Popular media has familiarized most people with the powerful efficiency of traditional industrial robots, and collaborative robots are an evolution of the technology optimized for interacting and working side-by-side with human operators.
Collaborative robots (cobots) may look like scaled-down versions of their traditional counterparts, but they are a specially designated category with a purposeful design, allowing them to work in direct cooperation with human operators within a defined workspace.
The features driving increasing adoption of cobots in all industries are ease of configuration and use, especially as compared to traditional industrial robots which often require extensive engineering, are difficult to set up and lack flexibility. Operators work in close proximity to cobots, so safety is a must and comes as a built-in feature.
If your business is faced with the following challenges, then cobots can help:
- How do we adapt to a shortage of skilled workers?
- How can we increase quality and production while minimizing expenses?
- How can we scale up manufacturing of high-variety, low-volume products?
- How can companies of any size adopt these advanced technologies?
Since cobots make robotics technology economical and user-friendly, all types of industries are getting started with them by engaging robotics companies or implementing robotic automation in-house.
This article introduces what cobots are and what they can do for you.
Machines Helping Humans
Industry is already quite familiar with humans controlling or using automated machinery for high-volume production. But for most of this equipment, especially traditional industrial robots, humans are purposefully kept away from the hazardous operating portions of the equipment using fences, barriers and other safety devices. The working parts of these machines are meant to do a job, and most are not capable of sensing human presence.
Cobots, on the other hand, are designed and built from the ground up to work directly with and enhance the safety of human operators, following a singular vision of human and machine working in harmony. Operators working alongside cobots results in improved efficiency, especially for high-mix manufacturing operations found in the majority of small-to-medium enterprises and global corporations. Compared with traditional industrial robots, cobots are streamlined with rounded edges, concealed fittings, minimal openings and no pinch points.
What is the Difference Between a Robot and a Cobot? has a more in-depth comparison of cobots and robots.
Cobots are Versatile
Cobot hardware and software is very versatile, making them easy to apply for many applications. What are the Leading Cobot Applications? gives a closer look at the possibilities. Their compact size allows them to fit into a manufacturers existing workspace, their mobility enables them to be rapidly moved from one application to another and their flexibility facilitates quick reconfiguration for new tasks.
An important cobot characteristic is mobility. Many cobots are configured as an arm with several movable joints, also called axes or degrees of freedom. A cobot configuration is partially defined by the number of degrees of freedom and how heavy of a payload it can hold at the end-of-arm. Although cobots can be mounted in a fixed location, their just-right size allows them to be mounted on a mobile workstation for relocation as needed.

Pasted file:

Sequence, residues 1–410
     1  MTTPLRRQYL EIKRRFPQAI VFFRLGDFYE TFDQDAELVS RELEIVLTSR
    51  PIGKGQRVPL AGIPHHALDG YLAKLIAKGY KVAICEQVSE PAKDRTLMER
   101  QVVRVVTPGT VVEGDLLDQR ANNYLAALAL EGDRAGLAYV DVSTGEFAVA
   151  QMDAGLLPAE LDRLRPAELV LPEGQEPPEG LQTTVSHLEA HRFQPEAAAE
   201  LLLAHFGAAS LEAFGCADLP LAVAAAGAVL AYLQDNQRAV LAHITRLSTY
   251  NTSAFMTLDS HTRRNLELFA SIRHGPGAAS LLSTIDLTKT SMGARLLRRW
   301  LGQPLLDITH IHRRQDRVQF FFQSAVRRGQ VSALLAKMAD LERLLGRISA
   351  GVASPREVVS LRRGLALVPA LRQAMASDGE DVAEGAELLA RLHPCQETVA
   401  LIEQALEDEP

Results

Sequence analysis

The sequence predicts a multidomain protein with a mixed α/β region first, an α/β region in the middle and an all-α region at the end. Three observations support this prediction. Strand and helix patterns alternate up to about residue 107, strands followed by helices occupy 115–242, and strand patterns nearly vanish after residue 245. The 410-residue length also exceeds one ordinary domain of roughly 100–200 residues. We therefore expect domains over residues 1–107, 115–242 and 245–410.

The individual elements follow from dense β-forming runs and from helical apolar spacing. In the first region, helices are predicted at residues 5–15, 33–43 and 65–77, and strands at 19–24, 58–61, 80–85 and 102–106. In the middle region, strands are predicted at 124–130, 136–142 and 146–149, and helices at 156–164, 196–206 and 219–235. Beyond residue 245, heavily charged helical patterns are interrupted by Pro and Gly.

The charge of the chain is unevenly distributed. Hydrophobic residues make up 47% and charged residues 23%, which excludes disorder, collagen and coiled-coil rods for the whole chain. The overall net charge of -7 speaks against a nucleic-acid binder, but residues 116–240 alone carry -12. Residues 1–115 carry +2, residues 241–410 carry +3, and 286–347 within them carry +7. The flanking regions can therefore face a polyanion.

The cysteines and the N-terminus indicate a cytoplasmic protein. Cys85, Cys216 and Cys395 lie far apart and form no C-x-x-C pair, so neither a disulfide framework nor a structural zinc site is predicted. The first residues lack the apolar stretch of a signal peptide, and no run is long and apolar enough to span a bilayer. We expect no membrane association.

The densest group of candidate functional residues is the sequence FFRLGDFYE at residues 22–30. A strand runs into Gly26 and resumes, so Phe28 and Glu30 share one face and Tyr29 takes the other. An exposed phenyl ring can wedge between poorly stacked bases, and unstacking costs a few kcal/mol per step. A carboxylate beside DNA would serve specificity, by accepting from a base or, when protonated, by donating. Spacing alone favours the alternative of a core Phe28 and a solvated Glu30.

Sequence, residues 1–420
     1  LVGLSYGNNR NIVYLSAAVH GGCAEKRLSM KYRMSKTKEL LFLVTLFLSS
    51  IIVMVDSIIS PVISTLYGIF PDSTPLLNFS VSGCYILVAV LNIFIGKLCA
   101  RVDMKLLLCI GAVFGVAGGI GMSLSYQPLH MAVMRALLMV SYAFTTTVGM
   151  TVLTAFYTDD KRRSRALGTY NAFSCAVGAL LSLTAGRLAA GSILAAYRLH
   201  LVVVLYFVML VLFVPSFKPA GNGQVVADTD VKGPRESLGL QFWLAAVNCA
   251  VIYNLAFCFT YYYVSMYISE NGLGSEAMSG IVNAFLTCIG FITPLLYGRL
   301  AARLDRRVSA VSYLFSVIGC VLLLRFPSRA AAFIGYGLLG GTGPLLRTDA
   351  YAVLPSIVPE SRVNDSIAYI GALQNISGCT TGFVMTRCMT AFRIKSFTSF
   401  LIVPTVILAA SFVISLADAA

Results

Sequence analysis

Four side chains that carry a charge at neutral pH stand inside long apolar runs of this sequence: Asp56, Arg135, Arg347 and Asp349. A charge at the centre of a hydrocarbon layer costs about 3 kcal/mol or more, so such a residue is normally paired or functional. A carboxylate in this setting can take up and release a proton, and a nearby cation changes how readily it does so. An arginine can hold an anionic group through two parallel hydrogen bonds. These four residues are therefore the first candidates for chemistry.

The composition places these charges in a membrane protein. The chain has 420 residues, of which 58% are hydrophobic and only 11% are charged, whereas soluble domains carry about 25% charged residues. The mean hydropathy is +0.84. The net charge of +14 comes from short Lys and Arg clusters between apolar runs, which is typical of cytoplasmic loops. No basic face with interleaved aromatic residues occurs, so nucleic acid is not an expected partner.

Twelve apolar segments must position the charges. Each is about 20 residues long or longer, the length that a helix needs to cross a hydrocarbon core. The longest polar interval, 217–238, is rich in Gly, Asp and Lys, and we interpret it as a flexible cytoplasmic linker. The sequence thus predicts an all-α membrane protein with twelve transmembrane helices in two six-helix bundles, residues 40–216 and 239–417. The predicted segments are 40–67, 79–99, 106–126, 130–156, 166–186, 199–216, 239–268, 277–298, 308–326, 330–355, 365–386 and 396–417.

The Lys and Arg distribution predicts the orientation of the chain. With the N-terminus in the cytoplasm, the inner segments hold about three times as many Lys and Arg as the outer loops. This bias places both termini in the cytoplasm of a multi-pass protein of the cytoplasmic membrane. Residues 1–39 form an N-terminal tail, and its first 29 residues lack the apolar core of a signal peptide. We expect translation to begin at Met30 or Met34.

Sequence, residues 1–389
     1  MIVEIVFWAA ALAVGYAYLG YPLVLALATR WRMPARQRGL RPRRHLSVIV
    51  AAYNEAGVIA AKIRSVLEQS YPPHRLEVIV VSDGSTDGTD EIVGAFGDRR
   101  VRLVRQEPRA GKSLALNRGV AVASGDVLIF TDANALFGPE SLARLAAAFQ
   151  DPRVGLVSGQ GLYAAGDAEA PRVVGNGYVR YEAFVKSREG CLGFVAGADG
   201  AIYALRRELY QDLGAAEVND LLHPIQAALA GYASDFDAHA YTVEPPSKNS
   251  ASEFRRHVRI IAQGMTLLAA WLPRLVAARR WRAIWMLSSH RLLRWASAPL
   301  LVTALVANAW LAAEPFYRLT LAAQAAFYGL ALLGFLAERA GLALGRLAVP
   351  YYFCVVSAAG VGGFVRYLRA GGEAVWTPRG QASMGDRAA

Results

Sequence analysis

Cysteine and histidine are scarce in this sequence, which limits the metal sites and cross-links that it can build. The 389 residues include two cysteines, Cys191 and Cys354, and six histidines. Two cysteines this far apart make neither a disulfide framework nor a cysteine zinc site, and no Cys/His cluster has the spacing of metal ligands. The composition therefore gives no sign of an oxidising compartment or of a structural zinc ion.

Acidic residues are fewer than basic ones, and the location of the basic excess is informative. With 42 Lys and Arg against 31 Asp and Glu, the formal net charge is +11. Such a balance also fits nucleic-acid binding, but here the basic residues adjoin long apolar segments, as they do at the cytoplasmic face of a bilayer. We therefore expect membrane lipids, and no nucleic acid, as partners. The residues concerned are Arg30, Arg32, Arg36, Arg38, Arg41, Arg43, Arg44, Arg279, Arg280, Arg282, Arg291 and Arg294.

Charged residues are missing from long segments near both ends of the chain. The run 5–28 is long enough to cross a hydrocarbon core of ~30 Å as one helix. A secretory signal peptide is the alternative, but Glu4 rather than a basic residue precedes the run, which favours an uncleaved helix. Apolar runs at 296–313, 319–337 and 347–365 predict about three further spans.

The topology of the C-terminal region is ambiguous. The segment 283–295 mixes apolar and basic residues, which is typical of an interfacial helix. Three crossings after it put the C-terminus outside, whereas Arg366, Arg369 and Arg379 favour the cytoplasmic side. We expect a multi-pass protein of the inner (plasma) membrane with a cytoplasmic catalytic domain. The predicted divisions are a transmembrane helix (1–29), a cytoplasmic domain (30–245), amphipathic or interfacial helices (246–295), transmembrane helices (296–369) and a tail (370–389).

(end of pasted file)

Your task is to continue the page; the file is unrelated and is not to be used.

The versatility of cobots is complimented by the breadth and ease of use of end-of-arm tooling. Many varieties of accessories and attachments can be installed at the end-of-arm, which can be thought of as the cobot hand. These are often referred to as tools or end-effectors, and numerous plug-and-play options include grippers with customizable fingertips adaptable to user applications. Or, users can build and automate their own specialized configurations. End-effectors are quickly interchangeable, allowing cobots to be used for many applications.
Cobots were designed from the beginning for easy configuration, addressing a common difficulty found with traditional industrial robots. Cobots are quickly assembled right out of the box with pre-made cables, overcoming another challenge found with traditional robots which require complex installation procedures.
Configuration software is flowchart-based with standard drag-and-drop functions. Minutes after unboxing and watching an introductory video, users can be training a cobot to move. Some cobots offer multicolor indicator lights letting users know exactly what mode the cobot is in, while a handheld pendant control interface allows users to stop and replay preconfigured actions.
Another method of configuration is for users to physically move the cobot robotic arm while in compliant mode to teach the necessary movements. This is a practical way for users to efficiently configure the cobot.
Some cobots natively integrate a camera and lighting at the end-of-arm. The configuration software includes built-in functions for using the camera for tasks and allowing the cobot to determine its exact location using calibration plates and landmarks. If the cobot is moved to a new location or parts are in variable positions, the cobot can use camera guidance to precisely and reliably adapt.
Cobots are designed to comply with ANSI RIA and ISO safety requirements and standards. Besides the ability to interlock with traditional safety sensors, cobots protect nearby humans by using low inertia force torque limited servo motors, force sensing, elastic actuators, collision detection and safety-rated axis limits to prevent injury from contact.
Built-in safety combined with quick configuration, ease of use and a high degree of flexibility are spurring use in a variety of industrial and commercial applications, with more widespread use sure to follow as the technology becomes more familiar.